Tuesday, December 23, 2008

The High Cost of Immorality

So, I've been thinking lately about the cost of living in the U.S. today - particularly about how we have so many drags on our economy both directly from immoral and irresponsible behavior (of both corporations and individuals) and from the high cost of the resultant government oversight.
For instance, I was recently discussing with a contractor friend of mine the invasive nature of litigation in the construction field. He related to me that for every project he begins, government regulations require him to procure insurance to ensure that his subcontractors get paid if he fails to pay them. (Apparently this is a BIG issue in contracting; subcontractors are often fighting with general contractors over how much they were supposed to get paid and whether they actually got paid). This insurance costs $3,500.00 a job. After about 4 years of acting as a general contractor, my friend has never needed this insurance because he is always honest, upfront, fair, and well managed. Despite this fact, he has still spent a few tens of thousands of dollars on insurance that he has never needed, but the government still requires.
Of course, that may not be the best example because other factors besides general contractor unscrupulousness may play into the government's decision to require such insurance, but I think it at least illustrates the point.
Anyway, this conversation got me to thinking about the high economic cost of immorality in America today, and I'm curious. If you have any suggestions or ideas of specific ways in which immorality has or is costing us money here in America, please post those ideas here. I'm taking a collection, so to speak...

Monday, December 8, 2008

Profound insight from a 12 year old!

Louisa takes just one class at school every other day, at my insistance. She loves homeschool and we have a great time learning together, but since she is my last child, I wrestle with the notion that she needs to get out of the house and go to school a little bit. Louisa has described to me her "take" on what makes for popularity in junior high school. She thinks she knows how to be "in", but it wouldn't be a very comfy fit for her, she feels. As she sees it, the requirements include dressing trendy and fashionably, being disinterested in learning, being immodest, and acting catty and "butt-sy" (pushy), acting disrespectful of teachers, showing a big interest in boys and sex and doing a lot of outrageous and unlady-like flirting, saying you hate school, texting your friends all through class without letting the teacher see, talking critically of parents, breaking rules whenever possible, treating your siblings like enemies, not being too smart, and being so saturated in the popular music and PG-13 movies of the current teen culture that you can easily recite movie lines. This is how she feels she would have to act to be well accepted and popular in our current world, outside of her circle of homeschooled friends.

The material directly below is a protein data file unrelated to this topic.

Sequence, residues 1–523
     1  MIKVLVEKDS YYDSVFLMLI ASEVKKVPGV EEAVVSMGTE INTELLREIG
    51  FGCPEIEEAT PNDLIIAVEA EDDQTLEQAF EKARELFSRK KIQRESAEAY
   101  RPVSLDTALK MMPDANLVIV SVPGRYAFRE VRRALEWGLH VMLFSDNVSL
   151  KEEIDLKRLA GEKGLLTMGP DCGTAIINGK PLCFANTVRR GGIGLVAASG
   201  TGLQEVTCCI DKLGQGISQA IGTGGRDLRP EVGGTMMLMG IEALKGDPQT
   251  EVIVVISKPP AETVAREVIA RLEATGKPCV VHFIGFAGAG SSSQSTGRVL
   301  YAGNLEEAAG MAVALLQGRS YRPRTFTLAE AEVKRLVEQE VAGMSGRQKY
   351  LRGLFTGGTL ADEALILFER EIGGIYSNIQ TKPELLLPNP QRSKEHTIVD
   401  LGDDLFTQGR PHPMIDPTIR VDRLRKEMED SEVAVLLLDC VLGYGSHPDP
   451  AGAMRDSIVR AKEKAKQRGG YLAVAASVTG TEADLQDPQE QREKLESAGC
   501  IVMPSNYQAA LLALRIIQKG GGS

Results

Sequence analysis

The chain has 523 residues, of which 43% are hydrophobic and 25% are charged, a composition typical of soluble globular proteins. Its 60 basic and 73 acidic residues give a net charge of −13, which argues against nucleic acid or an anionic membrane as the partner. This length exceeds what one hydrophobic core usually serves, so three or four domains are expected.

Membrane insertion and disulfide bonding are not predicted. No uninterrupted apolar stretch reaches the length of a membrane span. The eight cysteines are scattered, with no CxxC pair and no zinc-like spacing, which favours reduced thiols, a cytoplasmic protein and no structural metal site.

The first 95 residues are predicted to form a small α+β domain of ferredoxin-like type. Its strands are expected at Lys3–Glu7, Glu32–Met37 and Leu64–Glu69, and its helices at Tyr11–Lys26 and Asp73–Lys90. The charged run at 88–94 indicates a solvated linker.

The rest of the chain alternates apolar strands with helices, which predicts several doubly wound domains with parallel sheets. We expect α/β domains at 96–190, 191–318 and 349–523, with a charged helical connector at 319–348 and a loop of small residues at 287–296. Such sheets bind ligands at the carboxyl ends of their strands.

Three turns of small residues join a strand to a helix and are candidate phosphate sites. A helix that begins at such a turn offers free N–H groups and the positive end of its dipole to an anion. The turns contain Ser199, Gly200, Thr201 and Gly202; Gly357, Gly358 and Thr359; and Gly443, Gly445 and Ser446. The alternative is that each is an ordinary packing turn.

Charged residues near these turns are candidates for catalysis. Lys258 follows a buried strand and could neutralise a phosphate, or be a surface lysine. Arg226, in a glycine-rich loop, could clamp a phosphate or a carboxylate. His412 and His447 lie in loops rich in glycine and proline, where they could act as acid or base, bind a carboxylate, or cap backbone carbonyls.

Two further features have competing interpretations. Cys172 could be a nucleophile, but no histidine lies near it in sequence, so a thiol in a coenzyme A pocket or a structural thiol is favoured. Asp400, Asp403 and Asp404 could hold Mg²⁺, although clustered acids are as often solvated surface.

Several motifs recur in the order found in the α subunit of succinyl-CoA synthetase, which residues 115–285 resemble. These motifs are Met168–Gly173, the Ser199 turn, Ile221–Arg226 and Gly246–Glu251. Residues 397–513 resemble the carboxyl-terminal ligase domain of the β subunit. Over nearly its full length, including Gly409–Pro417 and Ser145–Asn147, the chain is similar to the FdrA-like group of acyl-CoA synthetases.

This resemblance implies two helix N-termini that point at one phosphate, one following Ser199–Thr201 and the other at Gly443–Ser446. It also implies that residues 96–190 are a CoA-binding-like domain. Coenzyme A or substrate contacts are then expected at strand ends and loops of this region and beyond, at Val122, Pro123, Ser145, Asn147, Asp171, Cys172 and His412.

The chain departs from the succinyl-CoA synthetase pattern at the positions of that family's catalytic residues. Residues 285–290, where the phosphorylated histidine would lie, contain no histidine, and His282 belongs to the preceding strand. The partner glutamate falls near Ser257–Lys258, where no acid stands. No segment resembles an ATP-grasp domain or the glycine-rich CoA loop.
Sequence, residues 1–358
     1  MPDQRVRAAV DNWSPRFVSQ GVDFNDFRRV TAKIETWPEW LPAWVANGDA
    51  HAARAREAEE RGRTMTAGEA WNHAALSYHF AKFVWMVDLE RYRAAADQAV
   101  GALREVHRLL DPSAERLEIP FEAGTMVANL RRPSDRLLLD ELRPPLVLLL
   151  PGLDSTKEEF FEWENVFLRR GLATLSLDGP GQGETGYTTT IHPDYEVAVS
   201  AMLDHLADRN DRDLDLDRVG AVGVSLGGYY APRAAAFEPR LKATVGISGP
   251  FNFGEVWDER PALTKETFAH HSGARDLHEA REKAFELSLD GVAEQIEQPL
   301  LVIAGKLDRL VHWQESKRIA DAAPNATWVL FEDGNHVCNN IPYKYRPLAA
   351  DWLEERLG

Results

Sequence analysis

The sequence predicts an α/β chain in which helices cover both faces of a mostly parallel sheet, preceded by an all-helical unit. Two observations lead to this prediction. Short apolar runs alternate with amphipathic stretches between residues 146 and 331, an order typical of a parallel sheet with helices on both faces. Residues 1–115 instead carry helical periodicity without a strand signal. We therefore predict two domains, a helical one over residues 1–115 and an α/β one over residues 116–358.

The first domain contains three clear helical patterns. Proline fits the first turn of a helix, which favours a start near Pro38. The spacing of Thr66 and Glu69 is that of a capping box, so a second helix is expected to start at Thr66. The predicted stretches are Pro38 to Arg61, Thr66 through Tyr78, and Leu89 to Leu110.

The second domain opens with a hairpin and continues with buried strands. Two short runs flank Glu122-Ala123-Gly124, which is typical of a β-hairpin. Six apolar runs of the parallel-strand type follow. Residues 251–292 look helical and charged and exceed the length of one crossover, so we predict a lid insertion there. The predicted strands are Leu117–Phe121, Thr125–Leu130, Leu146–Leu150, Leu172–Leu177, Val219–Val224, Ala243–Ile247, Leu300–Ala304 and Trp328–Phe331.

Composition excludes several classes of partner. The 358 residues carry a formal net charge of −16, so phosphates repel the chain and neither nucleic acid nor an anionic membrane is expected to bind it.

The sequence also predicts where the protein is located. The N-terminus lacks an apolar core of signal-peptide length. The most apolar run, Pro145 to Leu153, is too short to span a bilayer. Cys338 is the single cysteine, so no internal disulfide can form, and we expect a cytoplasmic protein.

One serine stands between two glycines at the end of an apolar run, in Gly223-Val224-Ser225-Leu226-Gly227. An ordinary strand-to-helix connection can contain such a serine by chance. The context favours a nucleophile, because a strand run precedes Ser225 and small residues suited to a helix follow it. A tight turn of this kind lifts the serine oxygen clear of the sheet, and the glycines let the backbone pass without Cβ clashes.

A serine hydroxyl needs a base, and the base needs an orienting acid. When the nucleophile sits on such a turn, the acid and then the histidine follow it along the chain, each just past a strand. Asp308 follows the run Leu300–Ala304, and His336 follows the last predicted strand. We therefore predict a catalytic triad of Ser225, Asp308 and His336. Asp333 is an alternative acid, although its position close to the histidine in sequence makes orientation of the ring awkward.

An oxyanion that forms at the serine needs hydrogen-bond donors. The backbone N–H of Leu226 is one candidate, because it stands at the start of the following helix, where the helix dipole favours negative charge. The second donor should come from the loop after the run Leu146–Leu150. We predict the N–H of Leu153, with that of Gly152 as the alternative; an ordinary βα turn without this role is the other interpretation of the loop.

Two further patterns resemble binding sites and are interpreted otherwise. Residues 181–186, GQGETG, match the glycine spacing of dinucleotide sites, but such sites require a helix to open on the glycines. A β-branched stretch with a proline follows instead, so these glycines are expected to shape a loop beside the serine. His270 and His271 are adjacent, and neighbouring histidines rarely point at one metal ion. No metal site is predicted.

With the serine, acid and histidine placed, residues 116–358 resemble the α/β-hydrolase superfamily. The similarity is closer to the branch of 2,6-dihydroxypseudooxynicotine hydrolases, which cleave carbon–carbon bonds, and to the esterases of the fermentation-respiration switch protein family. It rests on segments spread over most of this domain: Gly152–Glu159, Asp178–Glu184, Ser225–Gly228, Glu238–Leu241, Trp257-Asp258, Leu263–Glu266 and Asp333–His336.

the whole article can be read at: http://dianehopkins.blogspot.com/

Wednesday, December 3, 2008

More of the financial crisis!

You can read the whole article on: http://www.newsmax.com/ruddy/obama_recession_economics/2008/11/30/156592.html

"Knowing as we do that the housing bust was propelled by adjustable rate mortgages, which were nothing more than marketing gimmicks tricking consumers into mortgages they could never afford when they readjusted, they should have been banned. "

Tuesday, December 2, 2008

We are God's children!

Michelle Duggar is 42. She has two sets of twins and has been pregnant for 12 years of her life. Curry asked her if 18 are enough.
“We would love more,’’ Michelle said. “We really believe that each child is a gift from God. We would love to receive more gifts if the Lord sees fit. I guess we’ll just wait and see.”

I have not seen the "reality" show of their family... but I love how she speaks of "children as a gift of God" in this article. That is sooooooooo true.

We will have as many as the Lord will give us too. : )